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Mentha
Mentha longifolia
Scientific classification
Kingdom: Plantae
(unranked): Angiosperms
(unranked): Eudicots
(unranked): Asterids
Order: Lamiales
Family: Lamiaceae
Genus: Mentha
L.
Species

See text

Mentha (mint) is a genus of about 25 species (and many hundreds of varieties[1]) of flowering plants in the family Lamiaceae (Mint Family). Species within Mentha have a subcosmopolitan distribution across Europe, Africa, Asia,[2] Australia, and North America. Several mint hybrids commonly occur.

Mints are aromatic, almost exclusively perennial, rarely annual, herbs. They have wide-spreading underground rhizomes and erect, square [3], branched stems. The leaves are arranged in opposite pairs, from simple oblong to lanceolate, often downy, and with a serrated margin. Leaf colors range from dark green and gray-green to purple, blue, and sometimes pale yellow.[2] The flowers are produced in clusters ('verticils') on an erect spike, white to purple, the corolla two-lipped with four subequal lobes, the upper lobe usually the largest. The fruit is a small, dry capsule containing one to four seeds.

While the species that make up the Mentha genus are widely distributed and can be found in many environments, most Mentha grow best in wet environments and moist soils. Mints will grow 10–120 cm tall and can spread over an indeterminate sized area. Due to their tendency to spread unchecked, mints are considered invasive.[4]

Contents

Species

This covers a selection of what are considered to be pure species of mints. As with all classifications of plants, this list can go out of date at a moment's notice. Listed here are accepted species names and common names (where available). Synonyms, along with cultivars and varieties (where available), are listed under the species.

Selected hybrids

The mint family has a large grouping of recognized hybrids. As with all classifications of plants, this list can go out of date at a moment's notice. Synonyms, along with cultivars and varieties where available, are included within the specific species.

  • Mentha × dalmatica (M. arvensis × M. longifolia)
  • Mentha × dumetorum (M. aquatica × M. longifolia)
  • Mentha × gracilis - Ginger Mint
  • Mentha × maximilianea (M. aquatica × M. suaveolens)
  • Mentha × piperitaPeppermint
  • Mentha × rotundifolia (M. longifolia × M. suaveolens) - False Apple-mint
  • Mentha × smithiana (M. aquatica × M. arvensis × M. spicata) - Red Raripila Mint
  • Mentha × verticillata (M. aquatica × M. arvensis)
  • Mentha × villosa (M. spicata × M. suaveolens) - Also called Mentha nemorosa, large apple mint, foxtail mint, hairy mint, woolly mint, Cuban mint, mojito mint, and is known as Yerba Buena in Cuba.
  • Mentha × villosonervata (M. longifolia × M. spicata) - Sharp-toothed Mint

Cultivation

Mentha x gracilis and M. rotundifolia. The steel ring is to control the spread of the plant.

All mints prefer, and thrive in, cool, moist spots in partial shade.[5] In general, mints tolerate a wide range of conditions, and can also be grown in full sun.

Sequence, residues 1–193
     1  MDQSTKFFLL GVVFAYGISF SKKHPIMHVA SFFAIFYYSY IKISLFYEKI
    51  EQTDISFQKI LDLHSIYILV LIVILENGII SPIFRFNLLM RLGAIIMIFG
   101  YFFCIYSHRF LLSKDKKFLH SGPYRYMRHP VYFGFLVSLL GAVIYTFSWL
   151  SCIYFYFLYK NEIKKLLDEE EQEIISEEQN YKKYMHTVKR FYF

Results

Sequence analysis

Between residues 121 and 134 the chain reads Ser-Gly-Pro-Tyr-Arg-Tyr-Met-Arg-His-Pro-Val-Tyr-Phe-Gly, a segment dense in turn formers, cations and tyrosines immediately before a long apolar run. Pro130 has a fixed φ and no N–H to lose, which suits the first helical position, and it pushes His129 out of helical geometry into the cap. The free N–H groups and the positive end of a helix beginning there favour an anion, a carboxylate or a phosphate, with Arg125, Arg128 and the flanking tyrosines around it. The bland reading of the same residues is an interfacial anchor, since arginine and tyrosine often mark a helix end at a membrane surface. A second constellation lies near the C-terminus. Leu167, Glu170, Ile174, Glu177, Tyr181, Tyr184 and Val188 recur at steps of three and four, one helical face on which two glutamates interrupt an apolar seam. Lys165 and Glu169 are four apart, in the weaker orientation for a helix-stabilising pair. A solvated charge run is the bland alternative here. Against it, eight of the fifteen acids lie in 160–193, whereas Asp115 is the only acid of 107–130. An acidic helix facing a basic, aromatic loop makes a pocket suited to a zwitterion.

They are fast growing, extending their reach along surfaces through a network of runners. Due to their speedy growth, one plant of each desired mint, along with a little care, will provide more than enough mint for home use. Some mint species are more invasive than others. Even with the less invasive mints, care should be taken when mixing any mint with any other plants, lest the mint take over. To control mints in an open environment, mints should be planted in deep, bottomless containers sunk in the ground, or planted above ground in tubs and barrels.[5]

Some mints can be propagated by seed. Growth from seed can be an unreliable method for raising mint for two reasons: mint seeds are highly variable - one might not end up with what one presupposed was planted[5]; and some mint varieties are sterile. It is more effective to take and plant cuttings from the runners of healthy mints.

The most common and popular mints for cultivation are peppermint (Mentha × piperita), spearmint (Mentha spicata), and (more recently) apple mint (Mentha suaveolens).

Mints are supposed to make good companion plants, repelling pest insects and attracting beneficial ones. Mints are susceptible to whitefly and aphids.

Harvesting of mint leaves can be done at anytime. Fresh mint leaves should be used immediately or stored up to a couple of days in plastic bags within a refrigerator. Optionally, mint can be frozen in ice cube trays. Dried mint leaves should be stored in an airtight container placed in a cool, dark, dry area.[6]

Uses

Culinary

A jar of mint jelly. Mint jelly is a traditional condiment served with lamb dishes.
Mint tea.

The leaf, fresh or dried, is the culinary source of mint. Fresh mint is usually preferred over dried mint when storage of the mint is not a problem. The leaves have a pleasant warm, fresh, aromatic, sweet flavor with a cool aftertaste. Mint leaves are used in teas, beverages, jellies, syrups, candies, and ice creams. In Middle Eastern cuisine, mint is used on lamb dishes. In British cuisine, mint sauce is popular with lamb.

Mint is a necessary ingredient in Touareg tea, a popular tea in northern African and Arab countries.

Alcoholic drinks sometimes feature mint for flavor or garnish, such as the Mint Julep and the Mojito. Crème de menthe is a mint-flavored liqueur used in drinks such as the grasshopper.

Mint essential oil and menthol are extensively used as flavorings in breath fresheners, drinks, antiseptic mouth rinses, toothpaste, chewing gum, desserts, and candies; see mint (candy) and mint chocolate. The substances that give the mints their characteristic aromas and flavors are menthol (the main aroma of Peppermint and Japanese Peppermint) and pulegone (in Pennyroyal and Corsican Mint). The compound primarily responsible for the aroma and flavor of spearmint is R-carvone.

Methyl salicylate, commonly called "oil of wintergreen", is often used as a mint flavoring for foods and candies due to its mint-like flavor.

Mints are used as food plants by the larvae of some Lepidoptera species including Buff Ermine.

Medicinal and cosmetic